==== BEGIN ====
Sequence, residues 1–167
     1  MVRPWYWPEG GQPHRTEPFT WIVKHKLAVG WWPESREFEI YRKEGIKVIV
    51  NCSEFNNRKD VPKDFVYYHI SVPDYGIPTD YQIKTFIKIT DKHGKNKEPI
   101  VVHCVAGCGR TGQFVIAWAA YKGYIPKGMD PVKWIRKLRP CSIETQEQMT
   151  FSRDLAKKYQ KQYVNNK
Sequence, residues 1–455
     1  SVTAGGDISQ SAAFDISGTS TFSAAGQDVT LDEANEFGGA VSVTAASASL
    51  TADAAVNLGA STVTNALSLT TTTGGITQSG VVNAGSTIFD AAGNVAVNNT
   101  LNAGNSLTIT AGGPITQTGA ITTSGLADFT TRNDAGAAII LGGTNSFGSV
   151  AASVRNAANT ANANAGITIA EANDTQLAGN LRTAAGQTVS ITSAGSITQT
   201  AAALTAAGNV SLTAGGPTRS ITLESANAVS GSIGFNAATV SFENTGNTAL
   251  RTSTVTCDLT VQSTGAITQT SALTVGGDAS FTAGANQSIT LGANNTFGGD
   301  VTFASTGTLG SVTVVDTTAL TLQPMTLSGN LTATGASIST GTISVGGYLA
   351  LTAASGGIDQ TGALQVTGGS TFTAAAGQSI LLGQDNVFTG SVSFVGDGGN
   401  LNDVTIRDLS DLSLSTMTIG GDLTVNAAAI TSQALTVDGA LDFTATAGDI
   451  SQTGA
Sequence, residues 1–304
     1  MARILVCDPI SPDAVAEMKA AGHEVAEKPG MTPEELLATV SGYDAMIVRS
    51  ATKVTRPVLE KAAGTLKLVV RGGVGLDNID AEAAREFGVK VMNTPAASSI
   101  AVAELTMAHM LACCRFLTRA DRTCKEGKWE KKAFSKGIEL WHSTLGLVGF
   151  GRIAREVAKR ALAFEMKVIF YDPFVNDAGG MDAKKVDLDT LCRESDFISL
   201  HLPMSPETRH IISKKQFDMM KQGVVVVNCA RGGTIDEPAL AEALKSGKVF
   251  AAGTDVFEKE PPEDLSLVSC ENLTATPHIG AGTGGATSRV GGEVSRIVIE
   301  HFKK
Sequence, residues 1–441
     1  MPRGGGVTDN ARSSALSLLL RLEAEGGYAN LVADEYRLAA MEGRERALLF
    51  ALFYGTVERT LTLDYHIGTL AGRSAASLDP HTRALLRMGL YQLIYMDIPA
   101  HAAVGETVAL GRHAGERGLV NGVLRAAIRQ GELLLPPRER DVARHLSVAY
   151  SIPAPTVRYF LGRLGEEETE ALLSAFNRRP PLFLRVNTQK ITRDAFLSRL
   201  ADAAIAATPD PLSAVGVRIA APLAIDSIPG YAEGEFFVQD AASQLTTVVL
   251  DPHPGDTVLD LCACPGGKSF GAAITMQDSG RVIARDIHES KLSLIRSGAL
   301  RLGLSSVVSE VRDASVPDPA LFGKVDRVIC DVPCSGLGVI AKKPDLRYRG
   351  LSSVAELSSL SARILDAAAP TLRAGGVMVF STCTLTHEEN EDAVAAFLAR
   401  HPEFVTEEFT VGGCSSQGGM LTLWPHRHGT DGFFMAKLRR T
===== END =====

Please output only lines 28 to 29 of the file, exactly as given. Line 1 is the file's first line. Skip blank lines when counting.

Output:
   101  HAAVGETVAL GRHAGERGLV NGVLRAAIRQ GELLLPPRER DVARHLSVAY
   151  SIPAPTVRYF LGRLGEEETE ALLSAFNRRP PLFLRVNTQK ITRDAFLSRL